I sell unframed prints.
I can recommend excellent framers.
Send me an image of your space and I can show you what a framed image will look like in it.
The frame is a bridge between your image and the space you live in.
Frames can be as different as the images, spaces, and people who live in them. Your spaces and tastes have a unique character and so I recommend you choose what you think the best addition is.
My preference is for framing that supports rather than draws attention away from the image. I frame all of my images in contemporary brushed steel with white matts, but then I live in white rooms with contemporary furniture and my prints often go into contemporary corporate or museum galleries. In individual homes, I’ve seen my work framed in a variety of materials from white-washed natural wood, cherry, black, white, and even gold, where each worked surprisingly well for the images and the spaces they were displayed in.
Cut a generous matt.
I recommend a generous matt (typically but not exclusively white) that let’s an image breath.
A matt that is too small gives the impression that an image is wearing a suit that’s too tight.
Protect with archival materials.
Protect your investment by using archival acid-free mounting materials. I prefer to use cloth hinges to hang prints in matts rather than dry-mounting them to board or using adhesives; many claim to be archival but are not and they often invite and make future conservation much more difficult. My goal is to be able to remove all of the matting and framing easily with no damage to the print; the framing is replaceable, the art is irreplaceable.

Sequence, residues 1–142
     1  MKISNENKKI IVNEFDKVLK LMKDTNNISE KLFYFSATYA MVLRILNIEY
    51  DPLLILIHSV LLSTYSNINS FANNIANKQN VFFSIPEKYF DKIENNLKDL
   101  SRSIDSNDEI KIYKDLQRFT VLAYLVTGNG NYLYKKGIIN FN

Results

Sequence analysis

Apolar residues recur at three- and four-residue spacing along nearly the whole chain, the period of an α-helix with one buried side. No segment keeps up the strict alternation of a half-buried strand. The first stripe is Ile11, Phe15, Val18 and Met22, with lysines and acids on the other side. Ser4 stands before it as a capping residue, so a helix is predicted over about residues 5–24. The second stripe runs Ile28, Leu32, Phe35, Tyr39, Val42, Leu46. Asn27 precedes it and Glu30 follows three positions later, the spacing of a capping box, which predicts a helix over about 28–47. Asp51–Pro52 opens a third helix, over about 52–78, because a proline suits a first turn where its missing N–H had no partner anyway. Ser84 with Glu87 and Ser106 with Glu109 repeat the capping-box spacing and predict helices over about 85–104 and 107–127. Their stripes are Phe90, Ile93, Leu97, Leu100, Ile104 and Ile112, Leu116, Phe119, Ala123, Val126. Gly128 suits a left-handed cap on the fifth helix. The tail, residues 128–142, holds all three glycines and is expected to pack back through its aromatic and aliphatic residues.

View through high-quality low reflectance glass.
I recommend high-quality anti-glare museum glass or plexiglass as it reduces distracting reflections. If you choose UV retardant glass or plexiglass remember that only the highest quality does not have a subtle green appearance.
Display in a generous amount of high-quality light.
Pigmented prints show their full depth and richness when well lit. My prints are optimized for 3500K, most halogen light sources are close to this. I prefer full-spectrum lighting (I use Solux.) to richly render all of the colors equally. Displaying your prints in great light will truly make them shine.
I’m here to help you.
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